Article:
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CSS News Round-Up: Human Error Among the Leading Causes of Data Breaches

June 25, 2019

News Round-Up – Get a Quick Rundown of What You Need to Know


The Converged Security News Round-Up looks into recent reports and journalism covering converged security threats and trends affecting all industries. You can suggest articles to us on LinkedIn and on Twitter at @ConvergedSecSol. Visit our services page to learn more about the CSS suite of services, including managed security services and end-to-end cyber-and-physical protection.


Human Error Among the Leading Causes of Data Breaches

An Ipsos survey of C-suite executives and small business owners found that human error and external vendor mistakes were often cited as the cause of data breaches. The results of the survey are reported in detail on HelpNetSecurity. The survey found that 53 percent of C-Suite respondents attributed a data breach to either human error by an employee/insider or from an external vendor. Meanwhile, 28 percent of small business owners cited these same causes. Deliberate theft or sabotage was cited as a concern. In this regard, 21 percent of C-Suite executives and 28 percent of small business owners traced the cause of a data breach to an employee or company insider. However, external vendors carried more suspicion for deliberate sabotage, with 43 percent of C-Suites and 21 percent of SBOs citing this source.

The survey delved into the impact of data breaches on both employee retention and consumer confidence. Regarding employees, the survey found one-third of the U.S. workforce has said they would probably look for a new job if an employer suffered a major breach of either customer or employee data. Meanwhile, 47 percent of consumers said they would wait to see how a business reacted to a cyber breach before deciding how to respond.


FBI Warns Web Users Are Over-Reliant on HTTPS Protocol

The FBI issued a warning regarding the HTTPS protocol, stating that many web users make the assumption that the mere presence of a TLS certificate, which grants the HTTPS status, makes a server trustworthy. Threat actors have caught on that website visitors simply do a quick visual scan in their browser and then proceed to input sensitive data. Per the FBI, attackers “are more frequently incorporating website certificates when they send potential victims emails that imitate trustworthy companies or email contacts.” According to NakedSecurity‘s John E. Dunn, “One could argue that the confusion is a problem of the industry’s making, because it spent years pushing the idea of the security benefits of HTTPS without properly explaining its limits.”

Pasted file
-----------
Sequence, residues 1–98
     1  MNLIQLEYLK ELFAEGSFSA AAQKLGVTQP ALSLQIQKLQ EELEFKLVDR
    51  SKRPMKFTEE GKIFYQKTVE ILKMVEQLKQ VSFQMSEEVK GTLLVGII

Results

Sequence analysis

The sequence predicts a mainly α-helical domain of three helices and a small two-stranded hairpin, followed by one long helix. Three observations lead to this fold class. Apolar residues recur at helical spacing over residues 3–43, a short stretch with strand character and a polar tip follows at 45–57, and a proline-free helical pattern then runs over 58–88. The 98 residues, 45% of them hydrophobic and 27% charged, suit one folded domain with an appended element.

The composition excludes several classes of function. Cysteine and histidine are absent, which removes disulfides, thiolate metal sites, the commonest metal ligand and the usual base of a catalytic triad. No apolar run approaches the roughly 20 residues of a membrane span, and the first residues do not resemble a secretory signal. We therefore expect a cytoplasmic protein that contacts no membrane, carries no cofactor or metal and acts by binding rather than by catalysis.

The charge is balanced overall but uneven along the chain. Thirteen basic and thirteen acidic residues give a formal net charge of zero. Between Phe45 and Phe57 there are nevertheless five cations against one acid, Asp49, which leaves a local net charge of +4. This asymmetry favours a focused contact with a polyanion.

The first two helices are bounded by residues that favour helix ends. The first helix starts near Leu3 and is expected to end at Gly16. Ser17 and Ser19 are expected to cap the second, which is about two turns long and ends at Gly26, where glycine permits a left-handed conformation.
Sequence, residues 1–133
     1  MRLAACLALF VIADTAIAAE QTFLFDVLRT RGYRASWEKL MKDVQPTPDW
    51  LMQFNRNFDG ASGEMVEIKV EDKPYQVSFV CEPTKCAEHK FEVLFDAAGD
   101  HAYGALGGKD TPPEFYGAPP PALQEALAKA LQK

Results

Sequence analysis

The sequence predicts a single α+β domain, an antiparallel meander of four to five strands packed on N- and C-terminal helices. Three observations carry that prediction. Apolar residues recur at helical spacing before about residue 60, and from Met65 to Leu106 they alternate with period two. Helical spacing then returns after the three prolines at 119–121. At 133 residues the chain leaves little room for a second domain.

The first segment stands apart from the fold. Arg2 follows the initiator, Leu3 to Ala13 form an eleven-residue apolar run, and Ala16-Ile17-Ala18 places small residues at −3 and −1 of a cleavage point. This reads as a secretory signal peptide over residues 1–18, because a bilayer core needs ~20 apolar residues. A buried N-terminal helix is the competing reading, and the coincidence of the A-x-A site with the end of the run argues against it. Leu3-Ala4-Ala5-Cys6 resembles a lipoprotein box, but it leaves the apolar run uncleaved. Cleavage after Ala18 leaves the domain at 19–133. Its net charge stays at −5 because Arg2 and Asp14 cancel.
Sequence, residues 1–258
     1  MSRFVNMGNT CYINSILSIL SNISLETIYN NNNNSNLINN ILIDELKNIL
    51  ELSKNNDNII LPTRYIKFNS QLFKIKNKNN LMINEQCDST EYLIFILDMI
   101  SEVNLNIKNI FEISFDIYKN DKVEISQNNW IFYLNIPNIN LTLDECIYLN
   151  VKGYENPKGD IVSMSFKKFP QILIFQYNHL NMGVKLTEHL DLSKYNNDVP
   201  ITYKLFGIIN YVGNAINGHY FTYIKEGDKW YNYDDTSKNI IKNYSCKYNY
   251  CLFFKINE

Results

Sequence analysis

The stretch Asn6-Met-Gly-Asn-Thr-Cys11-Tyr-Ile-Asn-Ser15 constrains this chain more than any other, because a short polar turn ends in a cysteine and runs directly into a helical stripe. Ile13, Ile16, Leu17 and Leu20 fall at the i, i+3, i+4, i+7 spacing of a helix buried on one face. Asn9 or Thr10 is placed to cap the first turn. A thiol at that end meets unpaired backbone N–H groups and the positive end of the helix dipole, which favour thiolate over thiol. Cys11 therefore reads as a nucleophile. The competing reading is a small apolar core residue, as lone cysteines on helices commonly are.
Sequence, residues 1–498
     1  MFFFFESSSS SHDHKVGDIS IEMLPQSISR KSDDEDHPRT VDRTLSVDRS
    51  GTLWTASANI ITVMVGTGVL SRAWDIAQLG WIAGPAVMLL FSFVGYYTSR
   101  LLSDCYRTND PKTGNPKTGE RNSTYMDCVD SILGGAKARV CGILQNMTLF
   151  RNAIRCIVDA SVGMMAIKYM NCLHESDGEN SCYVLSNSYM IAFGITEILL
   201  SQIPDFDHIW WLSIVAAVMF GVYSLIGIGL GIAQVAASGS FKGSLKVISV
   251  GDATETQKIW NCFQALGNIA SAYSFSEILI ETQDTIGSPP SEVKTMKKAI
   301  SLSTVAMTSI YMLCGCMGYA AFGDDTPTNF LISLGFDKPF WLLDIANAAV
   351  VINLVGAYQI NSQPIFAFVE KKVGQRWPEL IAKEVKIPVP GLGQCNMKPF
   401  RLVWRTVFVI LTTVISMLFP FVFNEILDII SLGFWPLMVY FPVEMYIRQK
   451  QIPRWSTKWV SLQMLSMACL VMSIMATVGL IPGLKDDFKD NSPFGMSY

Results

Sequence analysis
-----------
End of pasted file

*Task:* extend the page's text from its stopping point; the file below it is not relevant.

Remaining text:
LTE Vulnerabilities Can Target Users With Fake Presidential Alerts

University of Colorado Boulder researchers published a paper looking into how LTE vulnerabilities can be exploited to send users fake alerts and notifications. In this case, the vulnerabilities were leveraged to send fake alerts from the Wireless Emergency Alert System with messages reading “Presidential Alert.” HackRead writes, “To do this, they only need commercial, software-defined radio system and modified open source NextEPC and srsLTE libraries. Anyone using the right software and equipment can send out fake presidential alerts with a 90% success rate.” HackRead goes on to note that the WEA presidential alerts are unblockable and could be localized to a specific area, such as a stadium, where mass panic could ensue.


Survey: More Emphasis and Budget Priorities Going to Cybersecurity Over Physical

SecurityInfowatch reports on a survey by the Center for Cyber and Homeland Security at Auburn University which found that corporate CEOs are “overwhelmingly prioritizing cybersecurity” above previously traditional physical security considerations at rates of over 80 percent. The most important driver for placing more emphasis on cybersecurity was the findings of internal risk assessments. In the survey CSOs said that senior leadership had moved an emphasis to cybersecuirty after an increase in cyber incidents in recent history. Regarding CISOs, 77% of those surveyed said they expect an increase in cybersecurity budgets over the next few years. Only 33% predicted increases to physical security budgets.


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